When code runs without a user interface, for example a script invoked by cron, there often is not an easy way to see what errors are occuring. Another example would be php invoking another php script using exec(), for example. Here are some common fatal errors: unknown class referenced, unknown method called and parse error. Forgot a semicolon? Thats a parse error.

This post combines ideas others have used and gives an example of how to capture and log fatal php errors.

The php function set_error_handler() allows you to create a callback for handling errors. However, you cannot catch fatal errors using a callback registered with set_error_handler().

You can register a callback for php to invoke at the very end of execution via register_shutdown_function(). There is a way to see if there were any errors during script execution by calling error_get_last().

The problem is, how do we call register_shutdown_function()? If the script you want to monitor for errors has en error, like a parse error, and you put the register_shutdown_function() call in that script it will not work, because of the parse error. And using “include” or “require” will not work either because that essentially is still the same script, as far as php is concerned.

You can however use an INI file to tell php to automatically prepend a php file before invoking the script you want to monitor. By combining this with the log4php as the logging library you can create a very powerful error handler. You can read my log4php how-to if you are not familiar with the log4php library.

Imagine this is the script to be called by cron, it has a parse error. The code is saved in a file called mycron.php.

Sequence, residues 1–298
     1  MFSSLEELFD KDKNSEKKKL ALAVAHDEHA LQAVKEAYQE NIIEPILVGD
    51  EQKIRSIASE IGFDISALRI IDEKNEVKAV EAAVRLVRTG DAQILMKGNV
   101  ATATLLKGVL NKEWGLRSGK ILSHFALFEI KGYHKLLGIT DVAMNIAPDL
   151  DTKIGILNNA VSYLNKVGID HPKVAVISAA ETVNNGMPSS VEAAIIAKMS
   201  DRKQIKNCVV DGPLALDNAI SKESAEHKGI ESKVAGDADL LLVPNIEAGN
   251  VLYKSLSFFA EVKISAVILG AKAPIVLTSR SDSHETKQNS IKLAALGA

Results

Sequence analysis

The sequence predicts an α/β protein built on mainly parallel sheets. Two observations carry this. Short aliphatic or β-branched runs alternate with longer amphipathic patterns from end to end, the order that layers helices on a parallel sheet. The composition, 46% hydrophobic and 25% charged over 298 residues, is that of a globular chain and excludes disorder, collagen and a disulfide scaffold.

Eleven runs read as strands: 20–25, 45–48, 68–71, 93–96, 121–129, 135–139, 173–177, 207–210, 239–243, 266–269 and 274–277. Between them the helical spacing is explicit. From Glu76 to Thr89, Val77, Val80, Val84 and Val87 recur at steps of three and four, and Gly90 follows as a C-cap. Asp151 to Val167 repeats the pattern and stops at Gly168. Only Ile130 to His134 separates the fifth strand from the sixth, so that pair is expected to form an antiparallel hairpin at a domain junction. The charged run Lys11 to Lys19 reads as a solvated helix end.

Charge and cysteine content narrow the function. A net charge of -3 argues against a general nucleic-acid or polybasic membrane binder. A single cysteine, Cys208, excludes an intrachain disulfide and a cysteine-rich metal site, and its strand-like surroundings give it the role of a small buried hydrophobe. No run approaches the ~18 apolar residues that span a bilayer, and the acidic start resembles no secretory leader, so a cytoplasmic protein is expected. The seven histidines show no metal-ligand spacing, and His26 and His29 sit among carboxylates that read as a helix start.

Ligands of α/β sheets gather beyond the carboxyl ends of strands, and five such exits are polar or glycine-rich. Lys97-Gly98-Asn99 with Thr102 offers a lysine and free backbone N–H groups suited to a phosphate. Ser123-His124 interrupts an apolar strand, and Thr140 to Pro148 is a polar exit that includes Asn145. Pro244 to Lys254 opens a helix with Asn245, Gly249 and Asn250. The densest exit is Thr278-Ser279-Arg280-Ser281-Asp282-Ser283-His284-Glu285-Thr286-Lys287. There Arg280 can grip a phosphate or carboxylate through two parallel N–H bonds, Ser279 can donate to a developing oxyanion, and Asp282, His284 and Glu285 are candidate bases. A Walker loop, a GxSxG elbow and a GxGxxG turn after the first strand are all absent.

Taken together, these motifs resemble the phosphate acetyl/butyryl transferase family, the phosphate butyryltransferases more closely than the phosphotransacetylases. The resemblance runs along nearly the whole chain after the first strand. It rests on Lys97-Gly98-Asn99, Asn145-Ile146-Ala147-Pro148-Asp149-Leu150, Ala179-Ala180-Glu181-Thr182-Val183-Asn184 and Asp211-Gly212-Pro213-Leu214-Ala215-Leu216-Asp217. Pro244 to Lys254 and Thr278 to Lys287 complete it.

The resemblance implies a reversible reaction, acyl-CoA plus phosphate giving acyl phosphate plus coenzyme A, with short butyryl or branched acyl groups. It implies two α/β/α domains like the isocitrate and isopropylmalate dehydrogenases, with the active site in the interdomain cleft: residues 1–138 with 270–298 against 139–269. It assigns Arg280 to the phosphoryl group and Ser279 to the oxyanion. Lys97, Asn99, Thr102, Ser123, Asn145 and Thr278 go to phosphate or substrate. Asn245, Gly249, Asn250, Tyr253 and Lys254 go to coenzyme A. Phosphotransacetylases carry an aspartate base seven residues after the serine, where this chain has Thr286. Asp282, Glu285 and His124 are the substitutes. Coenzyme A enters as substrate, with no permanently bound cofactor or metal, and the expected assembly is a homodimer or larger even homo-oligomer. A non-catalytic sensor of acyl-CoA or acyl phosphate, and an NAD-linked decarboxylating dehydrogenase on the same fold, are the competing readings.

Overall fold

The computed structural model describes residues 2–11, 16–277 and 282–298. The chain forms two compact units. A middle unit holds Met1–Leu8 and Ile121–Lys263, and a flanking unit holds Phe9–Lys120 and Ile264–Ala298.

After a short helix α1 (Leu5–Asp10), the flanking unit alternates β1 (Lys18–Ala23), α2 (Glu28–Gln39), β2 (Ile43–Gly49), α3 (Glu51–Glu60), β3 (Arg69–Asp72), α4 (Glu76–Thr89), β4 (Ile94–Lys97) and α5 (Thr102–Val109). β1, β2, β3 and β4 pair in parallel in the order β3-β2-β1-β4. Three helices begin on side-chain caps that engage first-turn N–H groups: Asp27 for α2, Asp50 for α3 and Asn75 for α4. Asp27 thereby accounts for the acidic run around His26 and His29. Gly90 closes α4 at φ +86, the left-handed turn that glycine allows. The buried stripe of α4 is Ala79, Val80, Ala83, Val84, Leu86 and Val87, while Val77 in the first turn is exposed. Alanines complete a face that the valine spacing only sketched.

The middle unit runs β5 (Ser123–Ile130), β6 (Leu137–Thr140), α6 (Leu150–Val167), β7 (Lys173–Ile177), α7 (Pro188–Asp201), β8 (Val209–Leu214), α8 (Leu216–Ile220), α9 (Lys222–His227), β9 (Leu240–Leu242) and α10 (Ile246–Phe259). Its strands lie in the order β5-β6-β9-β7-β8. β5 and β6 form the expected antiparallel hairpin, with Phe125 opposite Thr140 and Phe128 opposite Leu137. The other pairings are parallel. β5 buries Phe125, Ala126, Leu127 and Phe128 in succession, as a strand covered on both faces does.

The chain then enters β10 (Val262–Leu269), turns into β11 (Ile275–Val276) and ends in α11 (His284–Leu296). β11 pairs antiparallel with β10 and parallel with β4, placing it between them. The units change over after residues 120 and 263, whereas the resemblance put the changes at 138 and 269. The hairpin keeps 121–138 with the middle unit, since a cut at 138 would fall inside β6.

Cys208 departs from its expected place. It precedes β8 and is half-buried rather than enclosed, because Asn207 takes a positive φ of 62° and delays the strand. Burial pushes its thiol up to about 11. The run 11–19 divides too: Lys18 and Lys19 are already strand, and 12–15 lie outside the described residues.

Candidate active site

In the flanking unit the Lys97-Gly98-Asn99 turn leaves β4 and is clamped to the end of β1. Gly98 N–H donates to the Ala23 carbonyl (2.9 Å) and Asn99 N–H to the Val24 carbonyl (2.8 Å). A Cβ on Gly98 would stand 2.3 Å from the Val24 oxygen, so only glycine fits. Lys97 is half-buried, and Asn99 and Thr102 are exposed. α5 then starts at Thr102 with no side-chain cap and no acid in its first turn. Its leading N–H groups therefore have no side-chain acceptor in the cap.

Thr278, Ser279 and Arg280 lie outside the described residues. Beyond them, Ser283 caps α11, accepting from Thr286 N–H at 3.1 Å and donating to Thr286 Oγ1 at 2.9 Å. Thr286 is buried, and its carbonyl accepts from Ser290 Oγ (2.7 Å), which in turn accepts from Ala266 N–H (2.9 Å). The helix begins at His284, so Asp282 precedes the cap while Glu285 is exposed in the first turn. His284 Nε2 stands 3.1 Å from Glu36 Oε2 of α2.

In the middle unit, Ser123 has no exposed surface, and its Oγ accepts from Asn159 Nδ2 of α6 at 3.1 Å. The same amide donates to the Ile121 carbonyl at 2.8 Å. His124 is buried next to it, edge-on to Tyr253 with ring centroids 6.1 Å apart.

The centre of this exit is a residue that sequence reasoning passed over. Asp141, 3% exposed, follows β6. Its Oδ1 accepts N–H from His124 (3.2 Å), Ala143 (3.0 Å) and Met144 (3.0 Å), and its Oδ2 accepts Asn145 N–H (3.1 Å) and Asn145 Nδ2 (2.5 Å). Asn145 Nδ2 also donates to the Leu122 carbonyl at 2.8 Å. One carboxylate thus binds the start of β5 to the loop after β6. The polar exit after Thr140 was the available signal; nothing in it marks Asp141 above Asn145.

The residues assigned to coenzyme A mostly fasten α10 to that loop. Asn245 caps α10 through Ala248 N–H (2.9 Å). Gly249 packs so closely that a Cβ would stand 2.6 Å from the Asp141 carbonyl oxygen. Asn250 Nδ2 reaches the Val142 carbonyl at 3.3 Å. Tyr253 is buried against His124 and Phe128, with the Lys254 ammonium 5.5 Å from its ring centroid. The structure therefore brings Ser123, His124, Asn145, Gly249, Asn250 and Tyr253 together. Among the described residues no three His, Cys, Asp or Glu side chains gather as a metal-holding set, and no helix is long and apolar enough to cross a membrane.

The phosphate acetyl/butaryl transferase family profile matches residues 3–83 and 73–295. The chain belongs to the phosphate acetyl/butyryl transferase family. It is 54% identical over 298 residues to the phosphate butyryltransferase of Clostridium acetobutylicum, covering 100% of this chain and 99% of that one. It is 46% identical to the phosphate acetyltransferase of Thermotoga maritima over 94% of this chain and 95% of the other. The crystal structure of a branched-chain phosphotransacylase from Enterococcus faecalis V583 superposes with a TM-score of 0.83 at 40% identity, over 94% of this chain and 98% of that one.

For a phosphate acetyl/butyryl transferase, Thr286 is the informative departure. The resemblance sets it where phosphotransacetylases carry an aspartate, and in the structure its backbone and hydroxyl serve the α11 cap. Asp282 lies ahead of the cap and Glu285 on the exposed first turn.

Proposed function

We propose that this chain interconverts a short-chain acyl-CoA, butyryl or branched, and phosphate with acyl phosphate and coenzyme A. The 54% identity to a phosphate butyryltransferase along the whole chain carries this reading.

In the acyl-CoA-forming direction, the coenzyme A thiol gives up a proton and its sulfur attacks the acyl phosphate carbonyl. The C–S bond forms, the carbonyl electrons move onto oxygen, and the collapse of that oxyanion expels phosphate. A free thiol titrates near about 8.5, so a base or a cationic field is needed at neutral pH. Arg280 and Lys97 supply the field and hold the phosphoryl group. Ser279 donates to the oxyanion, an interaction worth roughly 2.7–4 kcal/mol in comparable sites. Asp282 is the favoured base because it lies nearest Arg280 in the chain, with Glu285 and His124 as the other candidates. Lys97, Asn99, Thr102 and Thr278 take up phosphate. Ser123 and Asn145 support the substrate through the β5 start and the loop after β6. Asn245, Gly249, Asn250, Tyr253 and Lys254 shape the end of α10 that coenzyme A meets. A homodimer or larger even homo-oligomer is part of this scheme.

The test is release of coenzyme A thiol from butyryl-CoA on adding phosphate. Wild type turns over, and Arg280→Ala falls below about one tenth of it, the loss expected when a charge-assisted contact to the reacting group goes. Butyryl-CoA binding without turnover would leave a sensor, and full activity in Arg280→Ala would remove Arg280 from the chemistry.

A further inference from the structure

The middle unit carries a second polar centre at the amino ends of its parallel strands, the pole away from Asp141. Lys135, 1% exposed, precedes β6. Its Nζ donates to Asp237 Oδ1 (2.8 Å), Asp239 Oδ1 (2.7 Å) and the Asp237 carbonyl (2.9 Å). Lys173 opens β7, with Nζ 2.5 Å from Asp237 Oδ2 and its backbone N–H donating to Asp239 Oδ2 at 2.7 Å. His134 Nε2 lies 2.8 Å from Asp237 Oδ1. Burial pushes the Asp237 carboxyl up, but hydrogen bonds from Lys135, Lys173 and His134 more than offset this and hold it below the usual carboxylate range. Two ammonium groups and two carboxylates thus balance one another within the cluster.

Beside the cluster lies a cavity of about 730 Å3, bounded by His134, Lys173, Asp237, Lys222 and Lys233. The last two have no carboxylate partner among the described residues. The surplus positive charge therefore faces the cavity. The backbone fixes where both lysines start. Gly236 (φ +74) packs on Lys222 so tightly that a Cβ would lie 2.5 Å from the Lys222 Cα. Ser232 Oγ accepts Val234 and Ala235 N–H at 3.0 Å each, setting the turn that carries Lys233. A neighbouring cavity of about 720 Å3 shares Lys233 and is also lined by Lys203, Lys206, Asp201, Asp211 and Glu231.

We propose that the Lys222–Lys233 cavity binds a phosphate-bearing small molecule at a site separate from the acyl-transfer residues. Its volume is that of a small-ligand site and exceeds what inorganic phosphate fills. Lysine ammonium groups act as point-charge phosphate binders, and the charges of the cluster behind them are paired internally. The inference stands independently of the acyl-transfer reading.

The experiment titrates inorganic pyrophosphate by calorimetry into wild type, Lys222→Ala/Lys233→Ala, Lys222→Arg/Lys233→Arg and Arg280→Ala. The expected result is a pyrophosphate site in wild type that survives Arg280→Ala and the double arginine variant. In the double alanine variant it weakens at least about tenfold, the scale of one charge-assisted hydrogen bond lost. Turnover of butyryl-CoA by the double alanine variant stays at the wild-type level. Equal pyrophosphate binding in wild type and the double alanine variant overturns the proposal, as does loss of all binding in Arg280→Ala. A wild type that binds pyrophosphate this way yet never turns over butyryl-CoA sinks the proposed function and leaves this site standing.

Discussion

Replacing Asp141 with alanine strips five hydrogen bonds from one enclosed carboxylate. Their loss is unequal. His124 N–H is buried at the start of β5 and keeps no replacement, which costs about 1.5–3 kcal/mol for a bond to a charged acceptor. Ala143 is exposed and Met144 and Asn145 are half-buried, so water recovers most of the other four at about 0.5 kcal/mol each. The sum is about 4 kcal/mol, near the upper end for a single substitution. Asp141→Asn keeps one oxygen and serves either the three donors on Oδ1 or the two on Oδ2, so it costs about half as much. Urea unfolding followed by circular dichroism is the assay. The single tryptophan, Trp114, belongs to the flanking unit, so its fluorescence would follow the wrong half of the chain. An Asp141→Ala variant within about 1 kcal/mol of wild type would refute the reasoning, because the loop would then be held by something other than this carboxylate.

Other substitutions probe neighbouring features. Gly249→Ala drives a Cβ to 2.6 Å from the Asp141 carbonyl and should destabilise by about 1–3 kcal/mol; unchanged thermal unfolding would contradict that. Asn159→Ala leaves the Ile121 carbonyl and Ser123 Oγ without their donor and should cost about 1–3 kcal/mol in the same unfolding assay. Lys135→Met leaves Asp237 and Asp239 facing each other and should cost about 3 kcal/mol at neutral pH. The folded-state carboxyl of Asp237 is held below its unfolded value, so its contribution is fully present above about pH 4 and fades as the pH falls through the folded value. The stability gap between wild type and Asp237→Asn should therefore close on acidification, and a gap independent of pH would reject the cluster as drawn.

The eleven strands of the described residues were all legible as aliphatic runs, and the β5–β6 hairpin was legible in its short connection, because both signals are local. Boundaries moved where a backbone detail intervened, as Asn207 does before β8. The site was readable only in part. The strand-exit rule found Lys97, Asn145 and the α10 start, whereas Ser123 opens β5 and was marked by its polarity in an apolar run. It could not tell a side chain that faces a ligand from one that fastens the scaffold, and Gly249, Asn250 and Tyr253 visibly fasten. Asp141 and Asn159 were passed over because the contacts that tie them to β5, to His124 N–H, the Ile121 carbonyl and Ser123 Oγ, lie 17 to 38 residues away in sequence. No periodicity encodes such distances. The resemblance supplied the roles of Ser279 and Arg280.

$foo = ;

I put mycron.php in its own directory: /home/tom/bin.

In that same directory create php.ini telling php what files to automatically prepand and append:

; php.ini contents:
auto_prepend_file = /home/tom/bin/runtime_start.php

The contents of runtime_start.php is:


require_once 'log4php/Logger.php';


class Runtime
    function Runtime()
        register_shutdown_function(array($this, 'shutdown'));

    function shutdown()
        $logger = Logger::getLogger('root');

        $e = error_get_last();

        if(is_null($e)) {
	    $logger->debug('Script ended normally');
	} else {

    function finish()
        $logger = Logger::getLogger('root');
        $logger->debug('Script ended normally');

$runtime = new Runtime();

One of the nice things about this approach is that the script I’m executing does not have to be altered in any way to add the error capturing and logging. You do however need to invoke it in a particular way. You have to tell php where to find the INI file:

php -c /home/tom/bin -f /home/tom/bin/mycron.php

You can get the full list of php command line invocation options using “php –help”.

When run the log file will contain a message like the following:

2011-09-15 11:08:01 PDT [ERROR] root: syntax error, unexpected ‘:’

Burn CDs from the Command Line

To burn cd images from the command line in Debian squeeze you need two packages:

(1) genisoimage
(2) wodim

To make an ISO image of a directory simply type: